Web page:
The split goes pretty high and the back is a lot longer than a typical sweatshirt. I really like having the top lengthened because I like the drama of it and it makes it feel extra cosy.
In the future I think I’d make a version out of a bamboo terry or a fabric that is a little softer since I think I would wear it so much. This version is super cosy and I love it but its a little bulky so its a little harder to wear.
This is my first time making the Grainline Studio Hadley top. I made view A for this version using a Kokka double gauze fabric I got from Fancy Tiger. I made a straight size 2 and I shortened it by 1 inch. other than that I didn’t make any adjustments. (Clearly I finished this top a while back and took photos a while back since this is not what Wisconsin looks like right now!)
I’m wearing this with my Lander shorts which I wore multiple times a week every week this summer. Maybe now that its cold out I should make some Lander pants?
I love the back hemline and I’ve been super in to hem facings lately. I enjoy sewing them mostly but I also like the structure it provides. I think I’ve been sewing more of them lately because I’ve been making shirts with more dramatic hems. This shirt definitely has a lot of drama in the back – there is a lot of fabric back there. I like the shape but I worry that it is a little overwhelming. Normally I grade out at the hips because I’m pear shaped but I didn’t do that with this pattern because there is already so much fabric there.
My main issue with this shirt is with the hook and eye closure – I can never get it to stay closed. I have this same problem on my Grainline Studio Farrow dress and I’m not sure what I’m doing wrong… Do I need a narrow shoulder adjustment or something so the back of my shirt moves around less? Or should I just switch to a button and loop? I really don’t know so for now I’ll just be re-hooking multiple times a day.
Its pretty tricky to find fun apparel knit fabrics that actually look like something you would see in a ready to wear garment so when I found these two fabrics from Fashion Fabrics club I knew I wanted to give them a try. I used the Grainline Studio Lark tee pattern. At this point I’ve used this pattern for 5 other makes: my Lark PJs/Hudson Pants combo, my speckle cap sleeved lark, a gray bamboo knit short sleeved lark and a long sleeved stripe Lark as well as a wrap cardigan.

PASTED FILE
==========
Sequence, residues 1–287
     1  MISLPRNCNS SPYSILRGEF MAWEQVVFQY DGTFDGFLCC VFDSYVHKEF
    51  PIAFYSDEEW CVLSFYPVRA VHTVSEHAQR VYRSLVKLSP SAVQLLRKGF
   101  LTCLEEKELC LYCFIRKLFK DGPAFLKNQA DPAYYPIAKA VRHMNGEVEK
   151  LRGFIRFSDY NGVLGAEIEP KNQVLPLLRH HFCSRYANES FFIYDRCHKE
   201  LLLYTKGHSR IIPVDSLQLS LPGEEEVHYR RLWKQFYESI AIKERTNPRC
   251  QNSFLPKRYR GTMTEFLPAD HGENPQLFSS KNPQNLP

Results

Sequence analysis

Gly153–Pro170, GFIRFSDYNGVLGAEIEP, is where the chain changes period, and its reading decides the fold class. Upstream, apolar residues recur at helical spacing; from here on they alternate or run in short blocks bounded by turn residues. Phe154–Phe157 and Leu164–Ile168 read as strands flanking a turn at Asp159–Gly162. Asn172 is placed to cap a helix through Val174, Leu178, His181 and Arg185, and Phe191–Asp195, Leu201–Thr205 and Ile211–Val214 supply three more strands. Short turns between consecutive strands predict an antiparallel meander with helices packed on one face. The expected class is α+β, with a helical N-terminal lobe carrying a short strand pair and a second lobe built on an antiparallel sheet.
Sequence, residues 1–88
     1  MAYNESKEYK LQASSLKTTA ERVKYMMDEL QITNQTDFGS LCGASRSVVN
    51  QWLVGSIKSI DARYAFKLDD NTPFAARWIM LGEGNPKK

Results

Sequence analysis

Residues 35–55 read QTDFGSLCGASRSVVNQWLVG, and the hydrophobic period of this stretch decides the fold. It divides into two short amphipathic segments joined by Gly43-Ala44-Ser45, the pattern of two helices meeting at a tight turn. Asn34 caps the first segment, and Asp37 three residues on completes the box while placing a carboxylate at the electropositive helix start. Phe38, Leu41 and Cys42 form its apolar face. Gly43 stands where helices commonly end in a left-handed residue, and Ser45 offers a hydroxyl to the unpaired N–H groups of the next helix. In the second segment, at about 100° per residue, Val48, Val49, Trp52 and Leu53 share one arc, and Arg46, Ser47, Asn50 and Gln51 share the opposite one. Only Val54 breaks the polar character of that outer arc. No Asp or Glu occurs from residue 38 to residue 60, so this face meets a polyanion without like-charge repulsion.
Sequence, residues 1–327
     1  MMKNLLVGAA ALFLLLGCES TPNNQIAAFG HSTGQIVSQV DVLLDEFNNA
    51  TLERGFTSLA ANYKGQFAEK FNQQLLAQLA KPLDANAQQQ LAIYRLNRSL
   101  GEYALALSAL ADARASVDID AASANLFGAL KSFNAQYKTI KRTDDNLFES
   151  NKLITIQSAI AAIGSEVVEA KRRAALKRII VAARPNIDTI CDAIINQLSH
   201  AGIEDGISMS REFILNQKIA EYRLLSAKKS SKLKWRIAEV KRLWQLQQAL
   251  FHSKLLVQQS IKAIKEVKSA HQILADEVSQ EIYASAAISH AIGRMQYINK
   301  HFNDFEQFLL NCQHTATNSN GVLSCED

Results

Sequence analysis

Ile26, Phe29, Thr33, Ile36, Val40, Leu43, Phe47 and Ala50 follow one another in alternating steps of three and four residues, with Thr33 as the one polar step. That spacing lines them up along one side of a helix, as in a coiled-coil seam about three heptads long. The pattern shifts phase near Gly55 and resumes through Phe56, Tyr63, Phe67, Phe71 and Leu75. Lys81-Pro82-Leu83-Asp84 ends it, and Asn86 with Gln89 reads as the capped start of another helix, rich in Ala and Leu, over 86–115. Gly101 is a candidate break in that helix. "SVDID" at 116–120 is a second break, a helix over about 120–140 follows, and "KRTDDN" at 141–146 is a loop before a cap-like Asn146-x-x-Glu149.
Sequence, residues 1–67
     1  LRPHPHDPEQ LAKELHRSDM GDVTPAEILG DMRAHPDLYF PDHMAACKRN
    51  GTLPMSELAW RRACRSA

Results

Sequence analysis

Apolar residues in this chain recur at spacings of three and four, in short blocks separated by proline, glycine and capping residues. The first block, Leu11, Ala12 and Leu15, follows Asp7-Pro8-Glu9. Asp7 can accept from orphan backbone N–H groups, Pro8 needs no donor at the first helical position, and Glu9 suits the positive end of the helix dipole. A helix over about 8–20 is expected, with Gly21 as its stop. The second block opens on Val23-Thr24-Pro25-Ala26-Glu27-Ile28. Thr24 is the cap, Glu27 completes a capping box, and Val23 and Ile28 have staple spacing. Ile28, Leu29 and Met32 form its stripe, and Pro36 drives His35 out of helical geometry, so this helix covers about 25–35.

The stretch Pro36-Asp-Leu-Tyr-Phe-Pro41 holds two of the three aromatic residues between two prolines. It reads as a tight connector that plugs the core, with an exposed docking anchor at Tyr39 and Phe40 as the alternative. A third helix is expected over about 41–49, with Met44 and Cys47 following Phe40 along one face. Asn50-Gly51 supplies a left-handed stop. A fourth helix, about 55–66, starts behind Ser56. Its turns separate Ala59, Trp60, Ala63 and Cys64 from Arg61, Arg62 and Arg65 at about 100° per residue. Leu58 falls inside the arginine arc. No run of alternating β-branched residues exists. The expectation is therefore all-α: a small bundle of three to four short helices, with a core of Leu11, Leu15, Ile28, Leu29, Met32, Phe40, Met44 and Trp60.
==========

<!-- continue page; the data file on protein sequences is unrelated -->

Both of the fabrics definitely feel like something that you would find in a ready to wear garment. They are a bit thin and I’m not really sure how they will hold up over time. The real test will be how the fabric holds up after multiple wears/washes. Because this fabric is drapier than other fabrics I’ve used in the past it does seem to fit better in the shoulders though.
The first version is a v-neck out of this really wide striped %100 rayon jersey. The bottom stripe is dark navy which sort of gets lost when I’m wearing dark jeans. However – since I’m pear shaped I think having the dark navy at the bottom was the correct choice since there isn’t a bright giant stripe at the widest part of my body.
My next version was a fun bright “paprika” striped knit which is 97% Rayon and 3% Lycra. I love that the stripes are uneven and that some of them are not solid lines. I would say that the fabric is a bit brighter than my usual go-to fabrics but after a dreary and cold Wisconsin winter I am searching for some additional color in my life! I made the scoop neck version for this one with the cap sleeves.
Both of these shirts are so easy to wear – I can see myself wearing them a ton this spring! I typically don’t go for “cheap” fabrics (I got both of these on sale for $4/yard) but I couldn’t resist the fun stripes! Hopefully they will hold up over time…